27 March 2012

One Small Step

Back in October I took a ‘Look Good Feel Good’ class at Mount Sinai Hotel & Spa. Two pieces of advise stood out. 

Firstly, if you’re wearing a cheap wig, don’t stick your head in the oven. Secondly, be persistent with mascara. Even without eyelashes, there may be some tiny baby hairs to which the mascara could stick.

So I’ve kept it up, and have worn mascara all winter. Usually it ends up smudged on my eyelid, with more little bits on my face, making me look as though I’d just rolled out of bed with a hangover. But I liked putting it on 'cus it made me feel like a girl.

Well this morning I brandished the magic wand, and lo and behold. I have an eyelash, and the mascara stuck to it!

One small step for a lady, one giant step for an egghead!

25 March 2012

Dr. Tiny Hands

Dr Escargot and I met last week to follow up my recent surgery. I thought it was all about me, but judging by the look on his face, I think he likes to admire his handy-work. He smiled and nodded, and the glint in his eye said, ‘Job well done, everybody.’

Dr Escargot (Left), Me (Right)
He’s a lovely man and I trust him completely. While I slept (with the aid of Bellaruth and my anesthesiologist) he has twice looked around and cleaned me up. I couldn’t imagine not trusting my surgeon. It has occurred to me many times that this man, literally, has my life in his hands. But what I didn’t realize until last week was that his hands are so teeny!

After my examination, he asked if there was anything else I’d like to talk about. Since he asked, I mentioned a purple finger that had recently been concerning me. My middle finger had been quite swollen, and a startling shade of purple. It had since returned (almost) to normal, but I’d thought I’d bring it up.  He wasn’t terribly worried. But he did say that he had a purple finger as well.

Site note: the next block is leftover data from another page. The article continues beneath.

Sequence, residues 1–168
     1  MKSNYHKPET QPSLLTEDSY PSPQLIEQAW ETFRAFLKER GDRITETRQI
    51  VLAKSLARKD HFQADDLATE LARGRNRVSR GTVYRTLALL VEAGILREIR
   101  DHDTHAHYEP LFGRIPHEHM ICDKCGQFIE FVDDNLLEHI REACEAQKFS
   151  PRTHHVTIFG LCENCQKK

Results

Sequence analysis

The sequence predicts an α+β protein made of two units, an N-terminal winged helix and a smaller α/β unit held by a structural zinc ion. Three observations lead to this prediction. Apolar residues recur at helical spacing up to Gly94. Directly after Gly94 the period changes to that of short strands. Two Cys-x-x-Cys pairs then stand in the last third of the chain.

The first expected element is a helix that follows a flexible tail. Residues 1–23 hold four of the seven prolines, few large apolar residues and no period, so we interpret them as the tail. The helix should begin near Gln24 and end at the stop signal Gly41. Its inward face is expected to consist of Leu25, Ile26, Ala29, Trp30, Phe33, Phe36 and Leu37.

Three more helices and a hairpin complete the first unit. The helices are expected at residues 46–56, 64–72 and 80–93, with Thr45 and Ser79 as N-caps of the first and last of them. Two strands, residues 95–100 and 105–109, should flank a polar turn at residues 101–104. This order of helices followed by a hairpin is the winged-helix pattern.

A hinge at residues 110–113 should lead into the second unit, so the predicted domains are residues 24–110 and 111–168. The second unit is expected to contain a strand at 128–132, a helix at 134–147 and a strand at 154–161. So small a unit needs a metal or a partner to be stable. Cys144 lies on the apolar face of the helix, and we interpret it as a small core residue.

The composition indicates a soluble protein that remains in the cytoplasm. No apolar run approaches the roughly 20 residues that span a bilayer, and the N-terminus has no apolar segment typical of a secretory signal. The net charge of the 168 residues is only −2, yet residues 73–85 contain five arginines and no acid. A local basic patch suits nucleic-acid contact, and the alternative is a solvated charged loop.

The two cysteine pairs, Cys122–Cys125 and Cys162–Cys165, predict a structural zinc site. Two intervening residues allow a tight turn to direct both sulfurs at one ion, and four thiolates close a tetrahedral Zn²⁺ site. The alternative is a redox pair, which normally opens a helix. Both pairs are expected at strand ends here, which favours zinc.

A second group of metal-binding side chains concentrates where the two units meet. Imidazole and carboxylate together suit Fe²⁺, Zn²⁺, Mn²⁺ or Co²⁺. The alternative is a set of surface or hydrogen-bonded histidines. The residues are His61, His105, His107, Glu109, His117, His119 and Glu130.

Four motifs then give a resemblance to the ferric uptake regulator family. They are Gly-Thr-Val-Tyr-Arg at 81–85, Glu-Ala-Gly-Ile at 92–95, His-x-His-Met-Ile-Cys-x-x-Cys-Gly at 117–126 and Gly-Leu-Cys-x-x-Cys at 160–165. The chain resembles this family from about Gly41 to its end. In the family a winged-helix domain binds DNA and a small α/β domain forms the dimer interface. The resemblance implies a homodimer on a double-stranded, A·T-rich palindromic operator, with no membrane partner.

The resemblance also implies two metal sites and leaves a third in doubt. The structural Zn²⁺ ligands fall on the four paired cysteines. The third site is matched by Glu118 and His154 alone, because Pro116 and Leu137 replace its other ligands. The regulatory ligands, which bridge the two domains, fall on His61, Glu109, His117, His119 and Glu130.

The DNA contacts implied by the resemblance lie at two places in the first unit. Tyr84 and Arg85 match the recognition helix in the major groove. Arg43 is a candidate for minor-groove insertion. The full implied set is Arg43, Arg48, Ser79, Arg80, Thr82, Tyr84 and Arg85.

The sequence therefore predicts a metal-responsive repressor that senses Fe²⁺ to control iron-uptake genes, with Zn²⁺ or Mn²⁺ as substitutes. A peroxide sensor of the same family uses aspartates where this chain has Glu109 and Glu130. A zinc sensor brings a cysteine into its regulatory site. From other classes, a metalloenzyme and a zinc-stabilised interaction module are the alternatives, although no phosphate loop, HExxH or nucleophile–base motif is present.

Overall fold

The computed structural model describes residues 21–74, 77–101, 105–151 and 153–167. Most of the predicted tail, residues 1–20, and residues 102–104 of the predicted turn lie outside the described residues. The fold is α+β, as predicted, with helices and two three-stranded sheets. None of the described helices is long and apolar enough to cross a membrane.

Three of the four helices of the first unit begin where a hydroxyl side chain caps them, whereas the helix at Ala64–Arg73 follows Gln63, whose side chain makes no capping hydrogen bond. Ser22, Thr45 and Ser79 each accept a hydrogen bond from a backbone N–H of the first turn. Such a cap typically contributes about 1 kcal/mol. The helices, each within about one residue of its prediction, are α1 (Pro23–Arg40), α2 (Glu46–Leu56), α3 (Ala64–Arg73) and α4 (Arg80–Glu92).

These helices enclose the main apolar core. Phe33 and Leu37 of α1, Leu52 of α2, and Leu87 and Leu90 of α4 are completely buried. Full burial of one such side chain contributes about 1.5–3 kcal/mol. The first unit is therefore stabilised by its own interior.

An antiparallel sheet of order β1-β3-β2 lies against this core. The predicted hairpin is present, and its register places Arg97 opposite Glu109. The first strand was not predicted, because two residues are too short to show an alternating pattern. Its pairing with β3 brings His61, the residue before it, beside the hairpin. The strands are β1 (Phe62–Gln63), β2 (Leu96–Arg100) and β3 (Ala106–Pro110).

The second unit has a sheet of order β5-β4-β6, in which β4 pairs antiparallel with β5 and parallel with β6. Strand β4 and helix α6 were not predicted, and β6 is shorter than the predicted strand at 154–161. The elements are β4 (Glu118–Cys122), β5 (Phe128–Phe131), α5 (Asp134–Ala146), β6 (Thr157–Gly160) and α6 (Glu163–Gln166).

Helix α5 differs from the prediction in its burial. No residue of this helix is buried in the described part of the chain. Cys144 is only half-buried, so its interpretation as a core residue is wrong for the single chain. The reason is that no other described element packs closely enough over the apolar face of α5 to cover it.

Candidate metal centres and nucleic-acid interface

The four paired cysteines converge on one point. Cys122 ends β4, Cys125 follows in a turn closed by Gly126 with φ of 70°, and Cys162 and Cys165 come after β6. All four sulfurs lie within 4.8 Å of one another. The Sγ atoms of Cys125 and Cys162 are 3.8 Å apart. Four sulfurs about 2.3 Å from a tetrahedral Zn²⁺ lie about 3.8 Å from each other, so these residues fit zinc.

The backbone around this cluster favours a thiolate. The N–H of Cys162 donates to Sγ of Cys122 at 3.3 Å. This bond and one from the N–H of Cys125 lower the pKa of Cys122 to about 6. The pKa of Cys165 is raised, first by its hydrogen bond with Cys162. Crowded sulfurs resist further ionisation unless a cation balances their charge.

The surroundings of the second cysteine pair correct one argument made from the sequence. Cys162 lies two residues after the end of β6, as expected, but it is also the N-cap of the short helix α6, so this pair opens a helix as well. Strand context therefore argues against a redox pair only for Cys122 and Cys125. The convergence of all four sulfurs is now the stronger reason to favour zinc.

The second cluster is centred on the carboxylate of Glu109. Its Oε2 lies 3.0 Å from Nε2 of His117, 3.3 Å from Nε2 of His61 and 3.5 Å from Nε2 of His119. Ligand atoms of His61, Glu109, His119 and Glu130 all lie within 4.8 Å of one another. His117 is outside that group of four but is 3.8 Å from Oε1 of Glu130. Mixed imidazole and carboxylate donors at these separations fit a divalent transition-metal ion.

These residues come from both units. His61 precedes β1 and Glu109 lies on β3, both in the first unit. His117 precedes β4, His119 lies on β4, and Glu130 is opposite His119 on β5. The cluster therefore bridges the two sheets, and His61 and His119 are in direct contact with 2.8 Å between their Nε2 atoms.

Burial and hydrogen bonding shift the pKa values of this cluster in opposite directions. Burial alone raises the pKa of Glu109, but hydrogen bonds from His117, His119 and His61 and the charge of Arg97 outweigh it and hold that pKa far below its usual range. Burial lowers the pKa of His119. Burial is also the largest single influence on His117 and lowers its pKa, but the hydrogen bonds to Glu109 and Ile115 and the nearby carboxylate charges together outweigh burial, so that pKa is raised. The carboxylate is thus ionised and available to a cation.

‘Look,’ he said, putting his hand beside mine. My first reaction was to say, ‘My God you’re hands are small!’ though I knew that wasn’t the point of this show ‘n tell. But I was less concerned with his tiny purple fingernail than I was with the fact that he had the hands of an eight-year-old girl. They were certainly smaller than mine. ‘How did that happen,’ I asked. And what I really meant was, ‘How did a grown man get hands that little?’

After he left the room I discussed this with Jim. He said that Escargot was blessed with delicate digits, so he could maneuver his way around veins and arteries. But what else could he do? I doubt he could lift a hammer, hand brakes on bicycles would be a challenge, and he may or may not be able to grip the steering wheel of a car. A pencil would be fine.

His hands were also very soft, and looked a little squishy. Characters from Sesame Street popped in my head, and I pictured the muppets and their soft, clumsy mitts.  Bert, I think, had the smallest hands of all – which explained why it was Ernie who got to hold the rubber ducky.

But Jim was right. The tiny hands are an advantage for a surgeon in need of fine motor skills. And it made him more cuddly, and less intimidating. And I do have to hand it to him. He did one heck of a good job.